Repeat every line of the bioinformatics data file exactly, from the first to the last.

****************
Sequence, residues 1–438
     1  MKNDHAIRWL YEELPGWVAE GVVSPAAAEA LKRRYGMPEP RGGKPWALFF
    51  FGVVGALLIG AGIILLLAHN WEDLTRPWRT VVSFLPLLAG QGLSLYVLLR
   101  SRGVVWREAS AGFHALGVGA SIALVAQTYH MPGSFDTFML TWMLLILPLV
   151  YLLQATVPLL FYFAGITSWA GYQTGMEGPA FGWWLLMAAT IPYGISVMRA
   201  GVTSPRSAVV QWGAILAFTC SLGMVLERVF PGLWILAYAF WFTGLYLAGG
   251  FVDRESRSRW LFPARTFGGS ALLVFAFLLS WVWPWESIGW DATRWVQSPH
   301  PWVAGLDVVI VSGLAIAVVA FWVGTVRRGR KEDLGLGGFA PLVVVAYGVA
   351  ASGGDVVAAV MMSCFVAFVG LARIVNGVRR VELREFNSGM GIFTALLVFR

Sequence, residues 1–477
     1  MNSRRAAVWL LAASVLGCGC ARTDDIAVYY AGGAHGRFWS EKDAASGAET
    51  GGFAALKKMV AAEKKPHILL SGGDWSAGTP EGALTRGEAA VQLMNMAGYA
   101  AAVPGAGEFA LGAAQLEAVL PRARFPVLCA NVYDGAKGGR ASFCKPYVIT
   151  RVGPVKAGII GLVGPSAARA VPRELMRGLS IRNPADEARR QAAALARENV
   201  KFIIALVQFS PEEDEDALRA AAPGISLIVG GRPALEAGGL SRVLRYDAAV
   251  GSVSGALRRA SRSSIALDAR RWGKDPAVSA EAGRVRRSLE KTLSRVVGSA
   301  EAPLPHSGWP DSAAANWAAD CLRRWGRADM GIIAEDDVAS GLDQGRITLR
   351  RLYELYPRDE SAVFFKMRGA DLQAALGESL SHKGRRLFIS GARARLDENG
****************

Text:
Sequence, residues 1–438
     1  MKNDHAIRWL YEELPGWVAE GVVSPAAAEA LKRRYGMPEP RGGKPWALFF
    51  FGVVGALLIG AGIILLLAHN WEDLTRPWRT VVSFLPLLAG QGLSLYVLLR
   101  SRGVVWREAS AGFHALGVGA SIALVAQTYH MPGSFDTFML TWMLLILPLV
   151  YLLQATVPLL FYFAGITSWA GYQTGMEGPA FGWWLLMAAT IPYGISVMRA
   201  GVTSPRSAVV QWGAILAFTC SLGMVLERVF PGLWILAYAF WFTGLYLAGG
   251  FVDRESRSRW LFPARTFGGS ALLVFAFLLS WVWPWESIGW DATRWVQSPH
   301  PWVAGLDVVI VSGLAIAVVA FWVGTVRRGR KEDLGLGGFA PLVVVAYGVA
   351  ASGGDVVAAV MMSCFVAFVG LARIVNGVRR VELREFNSGM GIFTALLVFR

Sequence, residues 1–477
     1  MNSRRAAVWL LAASVLGCGC ARTDDIAVYY AGGAHGRFWS EKDAASGAET
    51  GGFAALKKMV AAEKKPHILL SGGDWSAGTP EGALTRGEAA VQLMNMAGYA
   101  AAVPGAGEFA LGAAQLEAVL PRARFPVLCA NVYDGAKGGR ASFCKPYVIT
   151  RVGPVKAGII GLVGPSAARA VPRELMRGLS IRNPADEARR QAAALARENV
   201  KFIIALVQFS PEEDEDALRA AAPGISLIVG GRPALEAGGL SRVLRYDAAV
   251  GSVSGALRRA SRSSIALDAR RWGKDPAVSA EAGRVRRSLE KTLSRVVGSA
   301  EAPLPHSGWP DSAAANWAAD CLRRWGRADM GIIAEDDVAS GLDQGRITLR
   351  RLYELYPRDE SAVFFKMRGA DLQAALGESL SHKGRRLFIS GARARLDENG